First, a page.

impossible to put them in any reasonable nimiber of books. So it was concluded
to abandon the effort.'* Congressional Record, January 31, p. 2438.

1* This consists of two senators, two representatives, the superintendent of
the capitol buildings and grounds, and the supervising architect of the treasury.

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in their judgmenti the comptroller general or assistant comptroller
general is incapacitated or inefficient, or has been guilty of neglect of
duty, or of malfeasance in office, or of any felony or conduct involving
moral turpitude, and for no other cause and in no other manner except
by impeachment. The effect of this is to prevent the removal of these
officers for any cause except either by impeachment or a concurrent
resolution of Congress. It has, I think, always been the accepted
construction of the Constitution that the power to appoint officers of
this kind carries with it, as an incident, the power to remove. I am
convinced that the Congress is without constitutional power to limit
the appointing power and its incident, the power of removal derived
from the Constitution."

The house refused by a vote of 178 to 103 to pass the bill over the
President's veto. The objectionable provision was eliminated and
the measure passed the house, but a filibuster in the senate prevented
its consideration there.^^

President Wilson, as was expected, vetoed the resolution declaring a
separate peace with Germany (H. J. Res. 327),^® and killed by a pocket
veto the resolution (H. J. Res. 373) terminating the emergency legisla-
tion of the war, with the exception of food control. District of Columbia
rents, and the trading with the enemy act.

A very interesting question as to the President'i^ power over legisla*
tion was raised when President Wilson signed eight bilb after the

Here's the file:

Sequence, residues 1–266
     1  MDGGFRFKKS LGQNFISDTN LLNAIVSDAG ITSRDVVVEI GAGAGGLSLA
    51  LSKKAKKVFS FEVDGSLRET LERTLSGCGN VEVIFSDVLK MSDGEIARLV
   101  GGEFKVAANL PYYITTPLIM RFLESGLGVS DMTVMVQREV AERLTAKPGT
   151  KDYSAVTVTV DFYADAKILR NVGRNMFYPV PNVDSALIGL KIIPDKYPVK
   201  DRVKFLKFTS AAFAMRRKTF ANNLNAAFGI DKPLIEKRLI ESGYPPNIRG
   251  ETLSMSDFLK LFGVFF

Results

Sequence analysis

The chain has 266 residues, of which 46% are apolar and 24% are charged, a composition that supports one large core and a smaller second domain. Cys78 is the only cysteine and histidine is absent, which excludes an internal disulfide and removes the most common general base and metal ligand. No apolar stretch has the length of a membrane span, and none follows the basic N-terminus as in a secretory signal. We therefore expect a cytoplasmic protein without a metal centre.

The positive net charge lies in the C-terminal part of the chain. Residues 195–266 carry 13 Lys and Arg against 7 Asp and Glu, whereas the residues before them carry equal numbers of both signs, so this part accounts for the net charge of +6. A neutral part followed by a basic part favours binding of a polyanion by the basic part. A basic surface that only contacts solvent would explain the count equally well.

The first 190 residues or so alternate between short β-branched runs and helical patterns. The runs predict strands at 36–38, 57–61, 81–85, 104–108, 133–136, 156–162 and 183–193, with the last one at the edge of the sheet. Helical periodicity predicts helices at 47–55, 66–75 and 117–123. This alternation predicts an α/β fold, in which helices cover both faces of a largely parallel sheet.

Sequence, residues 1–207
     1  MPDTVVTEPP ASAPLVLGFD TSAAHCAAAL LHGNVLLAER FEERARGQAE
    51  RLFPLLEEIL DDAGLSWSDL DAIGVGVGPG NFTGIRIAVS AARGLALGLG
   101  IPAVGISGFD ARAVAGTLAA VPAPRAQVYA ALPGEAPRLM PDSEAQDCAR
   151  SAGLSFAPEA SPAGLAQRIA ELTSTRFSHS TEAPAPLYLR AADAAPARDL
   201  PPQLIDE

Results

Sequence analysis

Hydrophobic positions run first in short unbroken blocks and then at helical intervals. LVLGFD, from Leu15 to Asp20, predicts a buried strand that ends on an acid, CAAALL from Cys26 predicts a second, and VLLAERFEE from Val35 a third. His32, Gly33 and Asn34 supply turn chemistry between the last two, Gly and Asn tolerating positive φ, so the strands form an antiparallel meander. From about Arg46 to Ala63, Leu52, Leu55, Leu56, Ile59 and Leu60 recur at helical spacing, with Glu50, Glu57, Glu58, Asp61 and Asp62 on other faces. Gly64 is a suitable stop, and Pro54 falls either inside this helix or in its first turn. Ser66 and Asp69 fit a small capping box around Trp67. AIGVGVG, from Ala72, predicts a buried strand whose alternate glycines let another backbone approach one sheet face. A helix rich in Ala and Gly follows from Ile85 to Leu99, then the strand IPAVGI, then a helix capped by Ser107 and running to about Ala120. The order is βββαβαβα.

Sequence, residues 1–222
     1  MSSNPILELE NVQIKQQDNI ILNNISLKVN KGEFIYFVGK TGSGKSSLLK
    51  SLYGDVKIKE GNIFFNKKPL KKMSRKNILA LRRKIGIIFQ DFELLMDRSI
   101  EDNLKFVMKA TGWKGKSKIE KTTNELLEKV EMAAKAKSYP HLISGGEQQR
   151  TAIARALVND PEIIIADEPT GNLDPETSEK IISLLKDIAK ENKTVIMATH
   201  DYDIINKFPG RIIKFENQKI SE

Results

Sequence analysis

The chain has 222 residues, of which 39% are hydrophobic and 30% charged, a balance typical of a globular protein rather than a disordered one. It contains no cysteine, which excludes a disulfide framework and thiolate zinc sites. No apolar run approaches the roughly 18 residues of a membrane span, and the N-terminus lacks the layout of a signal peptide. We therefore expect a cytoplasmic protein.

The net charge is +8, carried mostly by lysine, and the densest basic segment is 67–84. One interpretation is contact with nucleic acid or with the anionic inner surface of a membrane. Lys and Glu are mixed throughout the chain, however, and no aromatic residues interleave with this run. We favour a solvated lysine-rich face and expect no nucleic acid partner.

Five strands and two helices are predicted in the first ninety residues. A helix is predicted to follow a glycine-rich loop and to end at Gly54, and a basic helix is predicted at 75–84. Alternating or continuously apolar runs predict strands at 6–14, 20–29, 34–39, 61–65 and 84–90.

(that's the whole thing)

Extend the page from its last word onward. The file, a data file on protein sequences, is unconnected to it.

adjournment of Congress. Fifty-one laws were signed on the last
day of the session. It may have been that the executive was imable
to give his approval to those signed later or that he wished to raise the
question of his power. The usual practice, with Congress rushing laws
through madly during the closing hours of the session, makes the
President choose between hasty approval or pocket vetoes. Announce-
ment of the innovation was made from the White House on Jime 18:

"The President having been advised by the Attorney General in a
formal opinion that the adjournment of Congress does not deprive
him of the 10 days allowed by the Constitution for the consideration
of a measure, but only in case of disapproval of the opportimity to

" It is very doubtful whether the President's theory of the inability of Con-
gress to limit his power of removal is correct. See an article by T. R. Powell,
"The President's Veto of the Budget Bill,'' National Municipal Review, Sep-
tember, 1920.

" House Report 801, April 6, 1920. Passed house April 9. Senate Report
568, April 30. Passed senate May 15. House concurred in senate amendments
May 21. Vetoed by the President May 27. H. D. No. 799.

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return the measure with his reasons to the House in which it originated,
has signed the following bills, each within the 10-day period, of course.
The bills not signed failed to become laws imder the usual practice."^*

There would seem to be no reason of policy or constitutional law
why this post-adjournment signature is not valid.'^

With reference to the Merchant Marine Law referred to above
(p. 663), Secretary of State Colby announced on September 25, that the
President had decided not to carry out the provisions of Section 34.
This directed the termination of treaties which forbade the imposition
of discriminating duties on foreign vessels and foreign borne imports
entering American ports. **The Department of State," the announce-

Online LibraryWestel Woodbury WilloughbyThe American political science review → online text (page 66 of 77)